This instills the knowledge that each employee has a vested interest in safeguarding the organization by ensuring its sensitive information and accesses are preserved and maintained. 

It’s imperative that accountability and responsibility must not be viewed projected as burdens that punish employees or risk the impeding business operations for the sake of compliance. Rather they must be communicated as opportunities to strengthen an organization’s commitment to protecting information and accesses that support the goals of the business. 

A savvy and alert employee can be the impetus for proactively preventing an attack – the clicking on a malware embedded link in an e-mail – before it even has the chance to be initiated. Given the expenses incurred by organizations as the result of someone being duped into accessing hostile links or attachments, this is no small feat.

Communication is integral part in cyber security culture and a critical enabler for employees to become active in the organization’s security efforts. Communication takes several forms; it can be policy guidelines that are directed from executive leadership; it can be worker level individuals reporting potential security incidents prior to their execution; it can be security personnel informing the organization of new threats impacting the sector.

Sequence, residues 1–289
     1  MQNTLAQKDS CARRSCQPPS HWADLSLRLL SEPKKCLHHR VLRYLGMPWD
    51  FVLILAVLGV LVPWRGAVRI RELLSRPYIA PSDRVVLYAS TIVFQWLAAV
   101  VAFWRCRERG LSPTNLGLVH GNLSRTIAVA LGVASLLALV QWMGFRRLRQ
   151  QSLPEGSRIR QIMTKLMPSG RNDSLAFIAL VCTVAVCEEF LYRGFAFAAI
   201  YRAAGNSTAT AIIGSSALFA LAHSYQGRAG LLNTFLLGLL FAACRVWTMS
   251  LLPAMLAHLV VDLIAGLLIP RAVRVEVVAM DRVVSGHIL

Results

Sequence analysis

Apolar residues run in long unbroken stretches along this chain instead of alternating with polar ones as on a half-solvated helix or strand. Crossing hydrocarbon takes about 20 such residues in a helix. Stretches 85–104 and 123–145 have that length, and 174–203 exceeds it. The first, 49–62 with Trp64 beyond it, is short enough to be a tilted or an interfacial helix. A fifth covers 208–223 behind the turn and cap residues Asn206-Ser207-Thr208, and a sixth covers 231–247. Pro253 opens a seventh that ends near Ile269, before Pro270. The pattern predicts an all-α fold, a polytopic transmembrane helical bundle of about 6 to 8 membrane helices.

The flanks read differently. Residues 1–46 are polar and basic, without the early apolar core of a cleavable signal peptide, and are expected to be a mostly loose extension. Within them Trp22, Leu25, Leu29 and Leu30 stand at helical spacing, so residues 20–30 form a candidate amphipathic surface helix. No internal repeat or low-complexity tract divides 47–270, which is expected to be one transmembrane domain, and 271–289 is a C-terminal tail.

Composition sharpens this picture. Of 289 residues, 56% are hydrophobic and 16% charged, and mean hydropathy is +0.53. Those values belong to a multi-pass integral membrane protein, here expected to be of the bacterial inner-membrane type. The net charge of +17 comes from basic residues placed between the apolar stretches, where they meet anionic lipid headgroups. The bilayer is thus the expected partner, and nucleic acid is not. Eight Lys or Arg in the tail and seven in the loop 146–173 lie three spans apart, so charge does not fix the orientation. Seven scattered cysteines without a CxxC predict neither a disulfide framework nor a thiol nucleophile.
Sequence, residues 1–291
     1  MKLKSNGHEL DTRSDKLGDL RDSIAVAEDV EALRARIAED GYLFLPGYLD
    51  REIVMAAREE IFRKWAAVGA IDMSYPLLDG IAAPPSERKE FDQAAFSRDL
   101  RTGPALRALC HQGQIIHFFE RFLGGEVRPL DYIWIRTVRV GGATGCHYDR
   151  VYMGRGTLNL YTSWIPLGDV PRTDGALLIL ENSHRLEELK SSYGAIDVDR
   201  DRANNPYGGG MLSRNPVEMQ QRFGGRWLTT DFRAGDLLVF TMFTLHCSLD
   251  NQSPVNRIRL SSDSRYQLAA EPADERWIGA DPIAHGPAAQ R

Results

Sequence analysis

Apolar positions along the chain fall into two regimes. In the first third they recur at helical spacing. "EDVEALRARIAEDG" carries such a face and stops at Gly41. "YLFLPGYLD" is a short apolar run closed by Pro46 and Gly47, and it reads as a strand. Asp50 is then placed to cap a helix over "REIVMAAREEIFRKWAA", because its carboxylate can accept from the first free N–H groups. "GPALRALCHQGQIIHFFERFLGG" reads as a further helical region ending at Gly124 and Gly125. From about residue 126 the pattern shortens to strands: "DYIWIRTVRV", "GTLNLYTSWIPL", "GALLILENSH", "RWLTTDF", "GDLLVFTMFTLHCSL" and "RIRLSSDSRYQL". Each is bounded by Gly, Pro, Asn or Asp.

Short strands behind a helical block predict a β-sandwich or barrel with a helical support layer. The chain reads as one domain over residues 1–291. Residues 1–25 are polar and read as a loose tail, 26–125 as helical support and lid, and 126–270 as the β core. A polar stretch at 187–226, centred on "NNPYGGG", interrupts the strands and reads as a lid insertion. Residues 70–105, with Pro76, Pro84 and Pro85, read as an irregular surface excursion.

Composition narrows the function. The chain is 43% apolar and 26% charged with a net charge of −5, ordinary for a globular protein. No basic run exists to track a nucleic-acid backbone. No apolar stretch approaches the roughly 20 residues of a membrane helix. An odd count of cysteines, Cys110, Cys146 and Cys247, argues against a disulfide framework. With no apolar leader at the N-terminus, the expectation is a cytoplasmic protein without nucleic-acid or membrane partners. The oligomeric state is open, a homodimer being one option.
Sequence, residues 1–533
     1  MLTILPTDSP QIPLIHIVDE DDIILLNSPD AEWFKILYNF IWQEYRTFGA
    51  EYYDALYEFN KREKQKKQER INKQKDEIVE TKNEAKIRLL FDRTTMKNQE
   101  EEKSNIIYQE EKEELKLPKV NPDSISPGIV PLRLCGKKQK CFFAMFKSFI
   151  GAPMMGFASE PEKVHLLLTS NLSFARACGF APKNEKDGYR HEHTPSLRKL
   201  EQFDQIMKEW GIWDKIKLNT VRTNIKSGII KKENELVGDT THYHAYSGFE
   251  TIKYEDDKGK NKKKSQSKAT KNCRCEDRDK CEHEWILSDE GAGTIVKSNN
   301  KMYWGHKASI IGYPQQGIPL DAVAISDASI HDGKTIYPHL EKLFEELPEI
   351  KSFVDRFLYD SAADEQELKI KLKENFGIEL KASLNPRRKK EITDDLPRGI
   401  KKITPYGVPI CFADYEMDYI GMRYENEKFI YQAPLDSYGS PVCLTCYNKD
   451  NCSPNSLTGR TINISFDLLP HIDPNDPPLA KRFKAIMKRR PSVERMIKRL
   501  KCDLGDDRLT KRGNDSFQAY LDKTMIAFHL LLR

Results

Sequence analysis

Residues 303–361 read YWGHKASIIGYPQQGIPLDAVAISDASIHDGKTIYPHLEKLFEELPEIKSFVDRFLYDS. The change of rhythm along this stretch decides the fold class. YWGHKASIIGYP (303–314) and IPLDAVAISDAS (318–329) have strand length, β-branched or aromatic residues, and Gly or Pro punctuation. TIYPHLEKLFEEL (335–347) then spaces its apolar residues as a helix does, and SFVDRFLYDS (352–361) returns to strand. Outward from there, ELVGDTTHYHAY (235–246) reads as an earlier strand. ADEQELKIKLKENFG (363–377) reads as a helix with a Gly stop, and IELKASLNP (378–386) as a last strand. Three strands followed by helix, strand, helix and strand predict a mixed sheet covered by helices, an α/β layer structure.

With the advent of bring your own device to work and more organizations enabling employees to work from home, communicating the importance for employees to maintain robust security standards at home has potential work implications as well.  Therefore, educating them on acceptable online behaviors to include the types of information shared on social media will help employees reduce risks at both their residences as well as their places of work.

Many believe that cyber security culture starts from the top and works its way down.  While there is merit to this statement, I would argue that all stakeholders in the ecosystem create cultures collectively. 

“Culture” by one definition is “a way of thinking, behaving, or working that exists in a place or organization.” Executives can certainly lead a cyber security culture, but it must be built, developed, and supported by the entire organization for it to be successful. In this way, “we are all equal partners” becomes a reality, rather than a slogan. And it’s in everyone’s best interest.


Over the last two decades Brian Contos helped build some of the most successful and disruptive cybersecurity companies in the world. He is a published author and proven business leader.

After getting his start in security with the Defense Information Systems Agency (DISA) and later Bell Labs, Brian began the process of building security startups and taking multiple companies through successful IPOs and acquisitions including: Riptech, ArcSight, Imperva, McAfee and Solera Networks. Brian has worked in over 50 countries across six continents and is a fellow with the Ponemon Institute and ICIT.

The opinions expressed in this blog are those of Brian Contos and do not necessarily represent those of IDG Communications Inc. or its parent, subsidiary or affiliated companies.